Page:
Attorney says Hernando School Board should fire teacher who smoked pot
BROOKSVILLE — The judge is wrong. Fire the teacher who smoked pot.
That’s the recommendation to the Hernando School Board from board attorney Paul Carland for how to handle Michael Provost, the Parrott Middle School health teacher who tested positive for marijuana in March after admitting to off-campus use of the drug.
An administrative law judge was incorrect in his interpretation of the law when he determined last month that the district did not have legal authority to fire Provost, Carland says. The ruling is not binding, so Carland and interim school superintendent Sonya Jackson are recommending that the Board fire Provost anyway.
“The superintendent feels strongly that based upon our current policy and application of law, under the circumstances it’s appropriate to terminate his employment,” Carland said Thursday.
Provost offered his admission after being confronted by Parrott principal Leechelle Booker, who told him about a phone call she received from a woman who said she witnessed Provost smoking marijuana. He agreed to a drug test and enrolled in an employee assistance program.
Then-superintendent Wayne Alexander recommended Provost be fired.
Provost appealed and got a hearing in June. Early last month, Judge P. Michael Ruff recommended the School Board reinstate Provost, who has been on unpaid suspension since March, and pay him back wages and benefits. The board did not have legal grounds to fire Provost because state statute and the district’s personnel policy prohibit termination for a first positive drug test, Ruff wrote in the recommendation.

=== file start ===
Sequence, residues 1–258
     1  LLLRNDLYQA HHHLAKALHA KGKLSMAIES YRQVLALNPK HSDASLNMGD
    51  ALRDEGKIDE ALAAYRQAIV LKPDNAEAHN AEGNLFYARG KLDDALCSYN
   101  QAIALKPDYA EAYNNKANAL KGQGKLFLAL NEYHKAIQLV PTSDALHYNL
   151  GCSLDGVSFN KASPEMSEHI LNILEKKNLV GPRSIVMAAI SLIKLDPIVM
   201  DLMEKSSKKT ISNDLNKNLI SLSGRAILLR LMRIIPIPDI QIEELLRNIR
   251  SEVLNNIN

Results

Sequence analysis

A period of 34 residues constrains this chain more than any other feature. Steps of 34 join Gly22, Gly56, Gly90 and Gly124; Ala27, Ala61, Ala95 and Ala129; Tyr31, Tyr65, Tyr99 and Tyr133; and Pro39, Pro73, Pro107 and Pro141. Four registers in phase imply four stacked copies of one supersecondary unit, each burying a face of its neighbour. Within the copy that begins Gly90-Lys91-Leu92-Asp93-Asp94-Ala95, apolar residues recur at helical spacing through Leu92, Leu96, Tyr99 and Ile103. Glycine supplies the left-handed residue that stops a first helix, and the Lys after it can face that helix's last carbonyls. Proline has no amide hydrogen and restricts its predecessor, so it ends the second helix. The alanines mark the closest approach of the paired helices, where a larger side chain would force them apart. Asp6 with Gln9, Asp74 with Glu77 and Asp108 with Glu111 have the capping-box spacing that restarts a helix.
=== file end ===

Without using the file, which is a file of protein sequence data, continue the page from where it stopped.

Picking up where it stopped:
Ruff said the crux of the case is whether Florida’s Drug-Free Workplace Act applies to school boards. The statute does apply in the case, Ruff wrote, because school boards have been considered agencies of the state and the school district policy cannot trump state law. The statute prohibits an employer from terminating all but law enforcement and fire safety personnel upon a first positive drug test, “unless first given the opportunity to participate in a drug rehabilitation program,” Ruff wrote.
In fact, he wrote, by firing Provost, the district would be violating its own policy that states an employee who admits to drug use and voluntarily submits to a rehab program cannot be disciplined.
Carland, citing his own interpretation of precedent-setting cases, says the board should reject that notion. He still contends that the Drug-Free Act does not apply because the board should not be considered an agency within state government, and Provost’s violation of the district’s drug-free policy justifies his termination.
Carland had argued that Provost’s admission of drug use was not voluntary because he confessed after he was confronted by school officials. Ruff disagreed. Provost “candidly admitted drug use” before there was independent proof in the test results.
The board is slated to decide Provost’s fate in a special meeting at 1 p.m. Tuesday. A labor attorney will also be on hand during the meeting to offer additional counsel, Carland said.
If he the School Board follows Carland’s recommendation, Provost can appeal to the Fifth Circuit Court, Carland said.
Provost’s attorney, Mark Herdman of Clearwater, did not return a call seeking comment on Thursday. Provost, reached Thursday, declined to comment.
The head of Parrott’s physical education department and the school’s health teacher, Provost led the STAND Club — Students Taking Action, Not Drugs — for two years. The teacher, in his early 30s when hired at Parrott in 2003, also headed up the school’s DARE drug-prevention program for a few years.
In an August interview with the St. Petersburg Times, Provost said the district should have given him the chance to confidentially address his drug use, which he characterized as recreational — “a couple of times a week” in the months leading up to March.
He acknowledged that he’d be viewed as a hypocrite, but said school officials didn’t take into account the other efforts to encourage students to make healthy choices, such as leading a Biggest Loser weight loss competition. He also led guitar and chess clubs.
“I screwed up,” he said. “I understand there needs to be consequences. I just feel they could have taken it easier on me. Instead, they raked me over the coals.”
--Tony Marrero, Times staff writer